and the voltage at the inverting terminal which is
(10mV – 100nV). To get a true idea of instability we
have to measure the voltage at each input.
FIG 14 shows the voltage at the inverting terminal
(V(n001)), the input and the output. The input is at
10mV, but the output voltage has suffered because of
the poor open loop gain of the amplifier. Indeed
measuring the voltage at the output pin and dividing
it by the differential voltage across the inputs, we
should still arrive at the open loop gain figure of
approximately 21dB. It should be noted that there is
a 40mV output offset voltage that should be
removed from the output voltage reading before
calculating the gain.
Looking at the voltage at the inverting terminal, we
can see that it is one hundredth of the voltage at
the output and it is in phase with the output
voltage. This is to be expected as there is a
resistive divider (that gives zero phase shift) from
the output back to the inverting terminal made up of
resistors R2 and R3 and giving an attenuation of 100
as seen in FIG 11b.
We can also see that the voltage at the inverting
terminal (V(n001)) is substantially lower than the
input voltage, so although it is out of phase with
the input by 180 degrees, it is not bigger than V(IN)
so the system cannot oscillate.
Now, we can reduce the gain of the amplifier by
reducing, for example, the feedback resistor R2 in
FIG 11b. In doing so the attenuation effect of the
resistors R2 and R3 gets less, so more voltage
appears at the inverting input. Thus it can now be
seen that at a given frequency where the voltage at
the inverting terminal is inverted with respect to
the voltage at the non inverting terminal,
decreasing the gain is not a good idea, as this will
increase the voltage at the inverting terminal.
Ultimately we will reach a point where the voltage
at the inverting terminal is 180 degrees out of
phase and greater in amplitude than the voltage at
the non inverting terminal. We now have a condition
for oscillation. This is why many op amps have a
minimum gain stability. If the gain is reduced below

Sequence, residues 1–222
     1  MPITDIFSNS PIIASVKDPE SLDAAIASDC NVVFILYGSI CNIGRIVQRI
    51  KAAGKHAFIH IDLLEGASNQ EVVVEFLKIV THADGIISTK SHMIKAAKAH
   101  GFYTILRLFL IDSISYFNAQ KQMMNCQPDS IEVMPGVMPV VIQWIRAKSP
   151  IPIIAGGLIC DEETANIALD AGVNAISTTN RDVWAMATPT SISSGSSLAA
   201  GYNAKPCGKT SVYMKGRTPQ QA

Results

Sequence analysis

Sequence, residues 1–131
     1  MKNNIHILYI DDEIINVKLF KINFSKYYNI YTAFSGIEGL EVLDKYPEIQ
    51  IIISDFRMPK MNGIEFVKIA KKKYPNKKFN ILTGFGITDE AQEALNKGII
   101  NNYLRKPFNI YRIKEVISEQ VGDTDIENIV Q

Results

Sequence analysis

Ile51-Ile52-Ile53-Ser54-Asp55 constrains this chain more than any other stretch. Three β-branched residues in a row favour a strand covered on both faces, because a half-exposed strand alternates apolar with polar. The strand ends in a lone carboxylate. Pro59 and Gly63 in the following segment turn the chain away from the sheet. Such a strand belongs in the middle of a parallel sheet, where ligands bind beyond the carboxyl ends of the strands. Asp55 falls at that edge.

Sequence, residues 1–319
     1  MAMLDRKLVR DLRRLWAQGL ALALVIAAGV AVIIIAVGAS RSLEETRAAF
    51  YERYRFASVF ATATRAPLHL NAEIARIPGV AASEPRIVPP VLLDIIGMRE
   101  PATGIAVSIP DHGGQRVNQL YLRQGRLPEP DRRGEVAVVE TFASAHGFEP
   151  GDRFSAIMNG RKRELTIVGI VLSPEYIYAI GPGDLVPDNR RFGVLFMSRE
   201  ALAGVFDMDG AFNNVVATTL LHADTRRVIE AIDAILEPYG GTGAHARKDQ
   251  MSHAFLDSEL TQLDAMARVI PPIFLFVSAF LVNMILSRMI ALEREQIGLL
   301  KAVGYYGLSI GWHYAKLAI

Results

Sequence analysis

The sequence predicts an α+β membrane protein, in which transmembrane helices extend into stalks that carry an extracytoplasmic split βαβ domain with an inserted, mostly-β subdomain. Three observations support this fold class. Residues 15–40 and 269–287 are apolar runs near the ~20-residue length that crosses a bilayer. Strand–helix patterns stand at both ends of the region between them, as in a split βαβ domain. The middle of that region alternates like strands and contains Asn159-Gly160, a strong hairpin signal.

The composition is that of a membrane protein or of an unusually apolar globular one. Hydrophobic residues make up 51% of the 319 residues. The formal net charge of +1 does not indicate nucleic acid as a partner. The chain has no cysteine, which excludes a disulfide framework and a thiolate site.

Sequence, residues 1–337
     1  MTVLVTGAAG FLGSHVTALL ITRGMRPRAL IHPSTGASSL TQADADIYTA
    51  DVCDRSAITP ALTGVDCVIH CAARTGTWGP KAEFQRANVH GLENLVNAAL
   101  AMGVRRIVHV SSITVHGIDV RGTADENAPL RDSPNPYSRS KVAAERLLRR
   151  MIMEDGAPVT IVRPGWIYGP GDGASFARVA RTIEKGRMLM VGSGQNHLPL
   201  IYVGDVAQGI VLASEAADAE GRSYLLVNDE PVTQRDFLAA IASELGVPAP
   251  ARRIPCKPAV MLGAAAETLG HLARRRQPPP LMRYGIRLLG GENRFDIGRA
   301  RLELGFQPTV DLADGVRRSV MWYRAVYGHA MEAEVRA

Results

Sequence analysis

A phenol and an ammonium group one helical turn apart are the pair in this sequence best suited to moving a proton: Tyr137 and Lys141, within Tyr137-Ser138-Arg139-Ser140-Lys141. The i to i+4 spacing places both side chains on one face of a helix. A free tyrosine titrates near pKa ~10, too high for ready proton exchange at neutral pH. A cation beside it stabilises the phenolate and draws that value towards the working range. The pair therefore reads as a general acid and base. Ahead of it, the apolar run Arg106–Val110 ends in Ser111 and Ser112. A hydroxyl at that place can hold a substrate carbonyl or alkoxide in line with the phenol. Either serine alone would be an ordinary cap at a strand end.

this point, the op amp will start to oscillate. This
can be seen in FIG 15.
Here R2 has been reduced to 1k and R3 kept at 100
Ohms and this has caused an increase in the voltage
at the inverting input. This voltage is higher in
amplitude than the 10mV input signal, so we can
remove the 10mV input signal and the circuit will
continue to oscillate. This can be seen in FIG 15.
(The input frequency has actually been reduced to
The output voltage has a peak to peak amplitude of
1.049V and the inverting input has an amplitude of
94.67mV. The feedback fraction is 100/(100+1000) =
0.091. If the non inverting terminal is at 0V, then
the differential voltage is at 94.67mV. We can work
out the open loop gain to be 1.049V/94.67mV = 11.08.
Thus the feedback fraction multiplied by the open
loop gain is 0.091 x 11.29 = 1.01. Thus we have 180
degrees phase shift with a loop gain of >1 and these
are the conditions for possible oscillation.
Gain and phase margin are a measure of how close to
the point of oscillation the circuit is. In other
words how close to 180 degrees phase shift or unity
gain the loop gain is. It is a measure of the loop
gain of the circuit, not the closed loop gain
or the open loop gain.
is a measure of how close the loop gain is to
having 180 degrees of phase shift when the loop gain
is unity. If
has 180 degrees of phase shift when it has a
magnitude of unity, the circuit has zero degrees of
phase margin and will oscillate. If the loop gain
has a phase shift of 160 degrees, the circuit has a
phase margin of 20 degrees.
is a measure of how far below unity the
loop gain of the circuit gain is when the loop
βA0, has a phase shift of
180 degrees. If the loop gain has a phase shift of
180 degrees and a loop gain of 0.6, the circuit has
a gain margin of 0.4. A circuit with a loop gain of
0.8 has a gain margin of 0.2 and hence is nearer to
the point of oscillation.